Kharatishvili, I. and Pitkanen, A. (2009). Posttraumatic epilepsy models. In Philip A. Schwartzkroin (Ed.), Encyclopedia of Basic Epilepsy Research (pp. 1229-1238) Oxford (U.K.): Academy Press (Elsevier).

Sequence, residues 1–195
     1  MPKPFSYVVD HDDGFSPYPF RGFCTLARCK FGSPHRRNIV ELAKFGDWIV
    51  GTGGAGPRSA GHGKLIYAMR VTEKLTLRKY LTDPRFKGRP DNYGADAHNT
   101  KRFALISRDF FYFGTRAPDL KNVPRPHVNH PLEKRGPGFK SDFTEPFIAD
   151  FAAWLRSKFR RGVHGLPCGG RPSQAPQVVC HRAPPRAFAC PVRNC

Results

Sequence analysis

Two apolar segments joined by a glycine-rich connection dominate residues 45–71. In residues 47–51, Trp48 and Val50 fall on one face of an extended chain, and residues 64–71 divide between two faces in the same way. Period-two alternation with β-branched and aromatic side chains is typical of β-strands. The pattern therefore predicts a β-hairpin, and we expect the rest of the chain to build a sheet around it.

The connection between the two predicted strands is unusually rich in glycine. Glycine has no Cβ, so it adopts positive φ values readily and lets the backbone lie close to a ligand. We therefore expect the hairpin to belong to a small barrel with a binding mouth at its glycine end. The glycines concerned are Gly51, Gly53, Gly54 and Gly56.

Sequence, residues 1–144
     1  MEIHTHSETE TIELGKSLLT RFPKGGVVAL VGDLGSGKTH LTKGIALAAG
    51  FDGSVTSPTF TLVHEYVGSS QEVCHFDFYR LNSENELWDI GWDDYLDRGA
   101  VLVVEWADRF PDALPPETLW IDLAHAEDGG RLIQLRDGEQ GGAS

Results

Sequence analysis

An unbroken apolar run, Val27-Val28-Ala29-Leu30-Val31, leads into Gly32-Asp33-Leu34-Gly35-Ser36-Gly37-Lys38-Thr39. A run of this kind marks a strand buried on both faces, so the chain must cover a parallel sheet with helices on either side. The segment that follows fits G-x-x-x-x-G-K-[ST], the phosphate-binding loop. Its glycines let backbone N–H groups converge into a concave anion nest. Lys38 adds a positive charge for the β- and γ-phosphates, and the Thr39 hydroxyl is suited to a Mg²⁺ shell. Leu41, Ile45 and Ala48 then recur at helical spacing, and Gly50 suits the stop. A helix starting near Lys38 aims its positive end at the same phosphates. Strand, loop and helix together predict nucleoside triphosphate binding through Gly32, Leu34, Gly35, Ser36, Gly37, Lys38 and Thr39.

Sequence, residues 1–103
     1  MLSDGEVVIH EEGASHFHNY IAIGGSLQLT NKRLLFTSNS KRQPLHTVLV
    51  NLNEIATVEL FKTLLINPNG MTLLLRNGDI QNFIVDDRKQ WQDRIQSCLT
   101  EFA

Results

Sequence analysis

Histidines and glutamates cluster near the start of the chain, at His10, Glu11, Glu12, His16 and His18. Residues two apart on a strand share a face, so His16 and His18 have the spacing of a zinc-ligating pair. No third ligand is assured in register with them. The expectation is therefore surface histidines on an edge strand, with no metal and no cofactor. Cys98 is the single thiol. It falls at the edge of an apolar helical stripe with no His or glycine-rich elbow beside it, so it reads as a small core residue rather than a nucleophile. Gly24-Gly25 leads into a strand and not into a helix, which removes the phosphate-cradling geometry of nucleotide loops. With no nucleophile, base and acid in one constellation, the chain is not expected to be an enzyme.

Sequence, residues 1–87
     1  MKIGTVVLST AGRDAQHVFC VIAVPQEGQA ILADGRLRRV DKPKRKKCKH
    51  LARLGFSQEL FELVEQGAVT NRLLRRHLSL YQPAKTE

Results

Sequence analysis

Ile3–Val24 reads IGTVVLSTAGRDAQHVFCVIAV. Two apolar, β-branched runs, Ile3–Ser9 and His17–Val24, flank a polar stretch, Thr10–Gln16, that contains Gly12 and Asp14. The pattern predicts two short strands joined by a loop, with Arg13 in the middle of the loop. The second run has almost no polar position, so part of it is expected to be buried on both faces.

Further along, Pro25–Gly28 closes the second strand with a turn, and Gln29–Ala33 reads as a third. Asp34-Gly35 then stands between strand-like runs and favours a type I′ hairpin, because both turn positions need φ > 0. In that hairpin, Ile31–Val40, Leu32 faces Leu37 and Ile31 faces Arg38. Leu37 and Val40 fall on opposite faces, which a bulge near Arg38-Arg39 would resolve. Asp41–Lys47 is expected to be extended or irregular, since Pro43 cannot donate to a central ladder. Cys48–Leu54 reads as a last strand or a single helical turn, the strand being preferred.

Abstract Posttraumatic epilepsy is defined as a recurrent seizure disorder due to injury to the brain following head trauma. Multiple theories have been suggested to explain the mechanisms underlying this clinical condition, and these hypotheses are currently under investigation. Valid and reliable animal models are essential for mechanistic and therapeutic studies of posttraumatic epilepsy. Development and characterization of such models should be a continuous and reciprocal process between the experimental laboratory and the clinic. Several experimental models of posttraumatic epilepsy are currently in use that may facilitate discovery of molecular and pathophysiological alterations underlying the process of epileptogenesis. Once the mechanisms of posttraumatic epilepsy are elucidated, appropriate therapies can be designed that can prevent epilepsy after head trauma.